Haven't used any calibration files, I should build a darks library.

There's a big green cast in general on a lot of the images, presumably Moon glow.

There are x2 as many green pixels as red of blue so maybe this is the reason. 
Offset 50 seems ok too 

Can you post your flats here?

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That is perfectly fine histogram for such restrictive filter.

Most of the pixels in the image are background or faint parts of target - these have very low value per exposure. This is why we have hundreds of exposures.

Correct exposure time is calculated based on noise in the image. With NB imaging - read noise becomes dominant factor - but with modern CMOS cameras that already have low read noise - that is questionable (LP can easily swamp read noise even with NB filters depending on FWHM of filters).

In any case - one should not obsess too much about exposure length as difference can be small (and often is when we approach point of diminishing returns).

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27 minutes ago, tooth_dr said:

There are x2 as many green pixels as red of blue so maybe this is the reason. 
Offset 50 seems ok too 

Can you post your flats here?

Yes although it was just a green cast I'm not used to seeing with my DSLR. Maybe it was the Moon brightness I don't know.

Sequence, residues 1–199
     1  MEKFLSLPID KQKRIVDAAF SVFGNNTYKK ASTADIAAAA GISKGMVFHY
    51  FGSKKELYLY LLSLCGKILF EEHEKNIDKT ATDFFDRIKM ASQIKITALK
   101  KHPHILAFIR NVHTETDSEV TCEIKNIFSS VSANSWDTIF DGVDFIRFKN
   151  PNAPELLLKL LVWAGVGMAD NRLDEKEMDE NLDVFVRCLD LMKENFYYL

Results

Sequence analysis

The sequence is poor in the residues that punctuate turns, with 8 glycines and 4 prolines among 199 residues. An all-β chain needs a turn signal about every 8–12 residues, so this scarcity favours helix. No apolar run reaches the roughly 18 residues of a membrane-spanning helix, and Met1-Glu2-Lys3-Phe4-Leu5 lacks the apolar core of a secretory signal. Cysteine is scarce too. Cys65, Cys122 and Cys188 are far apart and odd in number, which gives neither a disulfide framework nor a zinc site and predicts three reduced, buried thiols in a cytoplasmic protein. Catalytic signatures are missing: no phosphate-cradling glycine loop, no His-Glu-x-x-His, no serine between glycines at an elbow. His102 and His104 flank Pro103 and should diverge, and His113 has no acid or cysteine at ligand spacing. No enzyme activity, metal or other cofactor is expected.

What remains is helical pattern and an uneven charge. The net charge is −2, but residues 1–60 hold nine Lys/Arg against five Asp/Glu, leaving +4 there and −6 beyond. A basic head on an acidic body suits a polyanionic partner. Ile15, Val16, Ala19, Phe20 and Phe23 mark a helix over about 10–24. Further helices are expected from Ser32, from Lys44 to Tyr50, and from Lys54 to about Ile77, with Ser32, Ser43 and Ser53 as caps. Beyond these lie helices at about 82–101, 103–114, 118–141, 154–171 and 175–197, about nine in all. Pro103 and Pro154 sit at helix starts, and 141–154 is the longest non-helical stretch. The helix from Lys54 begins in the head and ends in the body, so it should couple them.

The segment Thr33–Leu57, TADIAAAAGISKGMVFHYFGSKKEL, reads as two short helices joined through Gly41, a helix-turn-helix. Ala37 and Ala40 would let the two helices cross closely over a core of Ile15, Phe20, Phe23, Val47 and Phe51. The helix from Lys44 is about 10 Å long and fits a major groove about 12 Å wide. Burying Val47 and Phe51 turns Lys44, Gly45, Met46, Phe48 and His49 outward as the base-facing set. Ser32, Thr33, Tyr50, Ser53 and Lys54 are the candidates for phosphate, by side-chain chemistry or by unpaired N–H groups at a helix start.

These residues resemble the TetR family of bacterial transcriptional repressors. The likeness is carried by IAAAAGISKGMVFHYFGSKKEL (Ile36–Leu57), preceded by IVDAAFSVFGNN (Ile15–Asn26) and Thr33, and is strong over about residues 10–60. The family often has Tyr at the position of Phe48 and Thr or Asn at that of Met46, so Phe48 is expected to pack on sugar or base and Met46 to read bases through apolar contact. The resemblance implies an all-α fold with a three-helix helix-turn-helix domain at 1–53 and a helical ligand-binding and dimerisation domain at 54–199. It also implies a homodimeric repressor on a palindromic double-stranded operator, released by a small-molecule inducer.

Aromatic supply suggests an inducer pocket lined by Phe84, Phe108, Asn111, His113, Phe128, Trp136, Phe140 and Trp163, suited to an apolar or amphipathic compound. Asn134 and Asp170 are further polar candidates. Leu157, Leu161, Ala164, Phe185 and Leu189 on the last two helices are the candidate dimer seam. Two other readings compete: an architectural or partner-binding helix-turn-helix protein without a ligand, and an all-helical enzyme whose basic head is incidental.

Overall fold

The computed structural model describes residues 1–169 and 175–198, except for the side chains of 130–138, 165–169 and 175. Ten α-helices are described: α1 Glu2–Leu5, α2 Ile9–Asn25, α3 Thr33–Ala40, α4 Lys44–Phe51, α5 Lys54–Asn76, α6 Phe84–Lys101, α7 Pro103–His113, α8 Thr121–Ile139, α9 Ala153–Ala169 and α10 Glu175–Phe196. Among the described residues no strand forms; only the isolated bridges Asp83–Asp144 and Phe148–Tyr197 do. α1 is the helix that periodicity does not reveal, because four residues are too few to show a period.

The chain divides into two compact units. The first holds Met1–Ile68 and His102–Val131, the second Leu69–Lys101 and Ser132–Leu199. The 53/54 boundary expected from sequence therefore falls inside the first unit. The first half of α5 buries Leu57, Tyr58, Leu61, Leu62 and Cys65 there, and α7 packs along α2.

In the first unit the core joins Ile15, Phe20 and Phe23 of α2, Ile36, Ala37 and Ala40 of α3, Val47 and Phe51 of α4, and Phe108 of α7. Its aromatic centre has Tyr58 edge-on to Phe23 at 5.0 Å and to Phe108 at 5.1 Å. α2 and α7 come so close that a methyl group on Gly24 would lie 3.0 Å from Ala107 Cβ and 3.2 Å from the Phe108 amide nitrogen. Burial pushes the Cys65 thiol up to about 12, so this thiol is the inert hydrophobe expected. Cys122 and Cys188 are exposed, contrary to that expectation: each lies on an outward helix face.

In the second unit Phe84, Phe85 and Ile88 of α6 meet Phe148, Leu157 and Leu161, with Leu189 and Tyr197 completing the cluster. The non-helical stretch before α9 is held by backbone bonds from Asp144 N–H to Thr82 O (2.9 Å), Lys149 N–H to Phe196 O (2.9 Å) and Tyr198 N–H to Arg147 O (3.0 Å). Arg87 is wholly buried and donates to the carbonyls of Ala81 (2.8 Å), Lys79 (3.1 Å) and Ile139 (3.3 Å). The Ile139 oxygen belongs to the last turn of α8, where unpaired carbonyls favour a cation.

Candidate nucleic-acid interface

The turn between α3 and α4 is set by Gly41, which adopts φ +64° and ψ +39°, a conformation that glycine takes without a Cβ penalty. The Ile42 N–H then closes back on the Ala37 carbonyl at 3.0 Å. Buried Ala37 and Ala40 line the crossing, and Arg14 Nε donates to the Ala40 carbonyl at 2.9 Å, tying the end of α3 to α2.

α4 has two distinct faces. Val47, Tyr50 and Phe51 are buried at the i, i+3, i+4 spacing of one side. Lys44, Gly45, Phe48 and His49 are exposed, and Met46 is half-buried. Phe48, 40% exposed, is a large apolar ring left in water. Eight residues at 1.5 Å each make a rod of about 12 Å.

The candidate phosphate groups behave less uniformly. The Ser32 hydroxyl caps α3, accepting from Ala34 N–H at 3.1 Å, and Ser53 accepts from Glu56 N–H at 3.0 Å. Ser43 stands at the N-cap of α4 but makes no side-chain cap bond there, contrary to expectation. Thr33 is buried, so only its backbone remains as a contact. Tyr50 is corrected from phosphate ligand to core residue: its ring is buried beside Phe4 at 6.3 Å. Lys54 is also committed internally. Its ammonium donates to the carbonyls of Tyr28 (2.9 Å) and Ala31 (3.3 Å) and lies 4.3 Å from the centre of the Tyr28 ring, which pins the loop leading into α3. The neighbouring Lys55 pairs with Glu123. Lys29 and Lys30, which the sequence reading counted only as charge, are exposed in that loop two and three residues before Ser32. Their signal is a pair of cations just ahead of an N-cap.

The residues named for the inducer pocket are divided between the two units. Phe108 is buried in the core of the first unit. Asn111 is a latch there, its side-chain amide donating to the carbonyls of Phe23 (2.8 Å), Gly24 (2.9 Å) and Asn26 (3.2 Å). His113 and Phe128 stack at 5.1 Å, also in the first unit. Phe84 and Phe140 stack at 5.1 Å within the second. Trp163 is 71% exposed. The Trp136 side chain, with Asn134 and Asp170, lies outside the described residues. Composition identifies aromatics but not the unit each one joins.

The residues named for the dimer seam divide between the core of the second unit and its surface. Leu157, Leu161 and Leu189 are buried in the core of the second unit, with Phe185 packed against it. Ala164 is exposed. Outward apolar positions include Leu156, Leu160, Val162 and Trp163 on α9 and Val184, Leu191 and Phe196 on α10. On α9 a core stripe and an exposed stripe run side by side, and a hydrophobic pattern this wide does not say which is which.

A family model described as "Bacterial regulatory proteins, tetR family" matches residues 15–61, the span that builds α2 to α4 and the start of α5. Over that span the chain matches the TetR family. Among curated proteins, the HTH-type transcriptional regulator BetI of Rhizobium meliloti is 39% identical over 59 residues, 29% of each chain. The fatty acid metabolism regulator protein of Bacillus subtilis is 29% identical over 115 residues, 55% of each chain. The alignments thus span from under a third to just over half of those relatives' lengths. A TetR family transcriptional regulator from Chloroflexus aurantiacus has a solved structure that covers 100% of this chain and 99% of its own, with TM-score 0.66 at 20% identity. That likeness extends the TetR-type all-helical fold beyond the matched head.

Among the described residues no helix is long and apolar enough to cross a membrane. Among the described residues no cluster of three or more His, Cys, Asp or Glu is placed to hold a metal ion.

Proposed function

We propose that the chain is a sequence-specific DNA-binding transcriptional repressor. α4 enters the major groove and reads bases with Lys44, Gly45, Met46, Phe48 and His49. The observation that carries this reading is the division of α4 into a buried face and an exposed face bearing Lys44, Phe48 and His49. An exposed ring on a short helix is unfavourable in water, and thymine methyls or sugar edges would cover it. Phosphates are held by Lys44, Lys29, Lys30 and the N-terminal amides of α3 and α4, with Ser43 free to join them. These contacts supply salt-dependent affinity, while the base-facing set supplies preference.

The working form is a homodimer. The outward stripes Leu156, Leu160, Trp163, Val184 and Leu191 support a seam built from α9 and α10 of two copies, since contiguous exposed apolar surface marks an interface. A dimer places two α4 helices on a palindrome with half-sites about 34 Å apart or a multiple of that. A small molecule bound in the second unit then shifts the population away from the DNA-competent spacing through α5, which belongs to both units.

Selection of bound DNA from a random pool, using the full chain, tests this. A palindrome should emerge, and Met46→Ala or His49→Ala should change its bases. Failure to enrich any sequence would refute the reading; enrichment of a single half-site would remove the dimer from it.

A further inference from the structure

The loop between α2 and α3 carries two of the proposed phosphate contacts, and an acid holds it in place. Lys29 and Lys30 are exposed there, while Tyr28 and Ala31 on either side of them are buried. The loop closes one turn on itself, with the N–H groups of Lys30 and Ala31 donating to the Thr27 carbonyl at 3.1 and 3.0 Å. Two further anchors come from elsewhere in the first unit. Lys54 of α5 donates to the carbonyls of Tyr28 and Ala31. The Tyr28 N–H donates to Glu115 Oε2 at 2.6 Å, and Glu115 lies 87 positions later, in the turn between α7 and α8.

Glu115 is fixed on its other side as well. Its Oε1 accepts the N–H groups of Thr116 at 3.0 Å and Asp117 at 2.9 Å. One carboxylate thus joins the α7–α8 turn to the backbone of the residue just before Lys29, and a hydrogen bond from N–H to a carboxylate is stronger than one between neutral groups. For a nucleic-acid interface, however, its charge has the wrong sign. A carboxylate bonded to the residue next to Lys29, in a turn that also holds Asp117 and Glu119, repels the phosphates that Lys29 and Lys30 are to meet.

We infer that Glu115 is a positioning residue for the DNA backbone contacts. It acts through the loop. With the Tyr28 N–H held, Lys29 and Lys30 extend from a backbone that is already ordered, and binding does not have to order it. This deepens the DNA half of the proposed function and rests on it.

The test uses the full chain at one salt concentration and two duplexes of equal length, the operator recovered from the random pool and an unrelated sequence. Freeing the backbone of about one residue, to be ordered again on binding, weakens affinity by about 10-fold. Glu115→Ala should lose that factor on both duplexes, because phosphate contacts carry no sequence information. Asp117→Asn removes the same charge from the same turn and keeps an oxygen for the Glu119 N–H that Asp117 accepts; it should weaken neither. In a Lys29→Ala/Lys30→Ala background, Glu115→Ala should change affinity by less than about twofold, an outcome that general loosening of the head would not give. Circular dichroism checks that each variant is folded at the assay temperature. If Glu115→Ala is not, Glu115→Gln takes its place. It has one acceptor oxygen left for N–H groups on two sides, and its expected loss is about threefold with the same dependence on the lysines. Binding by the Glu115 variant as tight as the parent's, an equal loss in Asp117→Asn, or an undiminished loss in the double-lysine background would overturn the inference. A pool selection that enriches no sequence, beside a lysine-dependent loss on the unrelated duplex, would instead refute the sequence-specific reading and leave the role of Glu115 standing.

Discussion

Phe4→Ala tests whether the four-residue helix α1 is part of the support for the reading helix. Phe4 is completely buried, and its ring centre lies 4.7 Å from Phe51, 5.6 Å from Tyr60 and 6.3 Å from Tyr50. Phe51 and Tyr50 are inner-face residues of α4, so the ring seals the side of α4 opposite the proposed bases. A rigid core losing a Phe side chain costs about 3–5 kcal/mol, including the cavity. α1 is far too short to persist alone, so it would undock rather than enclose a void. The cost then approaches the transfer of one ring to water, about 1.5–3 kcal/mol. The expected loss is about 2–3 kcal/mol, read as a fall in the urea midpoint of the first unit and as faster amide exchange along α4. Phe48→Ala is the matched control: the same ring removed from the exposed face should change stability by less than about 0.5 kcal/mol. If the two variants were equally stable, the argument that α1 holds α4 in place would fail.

Here's 3 flats, I ran the flat wizard in APT and had to lower the brightness down on me LED panel all the way down for the wizard to accept the flats.

My flat panel has always been fine for my DSLR but it's one of those cheap LED panels from amazon... https://www.amazon.co.uk/Dimmable-Bi-color-3200-5600k-Battery-Camcorders/dp/B07QL8WHRV/ref=sr_1_5_mod_primary_lightning_deal?dchild=1&keywords=led+panel&qid=1614083961&sbo=Tc8eqSFhUl4VwMzbE4fw%2Fw%3D%3D&smid=A90RIP9U5D1UK&sr=8-5

So I probably need to look at buying a dedicated astronomy flat panel? Any recommendations ?

F_2021-02-22_23-08-18_Bin1x1_0.2125s__-10C.fit

F_2021-02-22_23-08-24_Bin1x1_0.2125s__-10C.fit

F_2021-02-22_23-08-31_Bin1x1_0.2125s__-10C.fit

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1 minute ago, smr said:

Yes although it was just a green cast I'm not used to seeing with my DSLR. Maybe it was the Moon brightness I don't know.

It is just because data is not color balanced / color transformed like in DSLR - which has this transform applied by default (although you can also get pure raw data from DSLR as well - and it will also look funny).

 

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13 minutes ago, vlaiv said:

It is just because data is not color balanced / color transformed like in DSLR - which has this transform applied by default (although you can also get pure raw data from DSLR as well - and it will also look funny).

 

Thanks vlaiv, do you recommend I calibrate with darks as well? I'm sure you've mentioned before that this is one of the advantages of having a cooled CMOS? 

If so I would need to take darks for 180 seconds and 320 seconds at -10.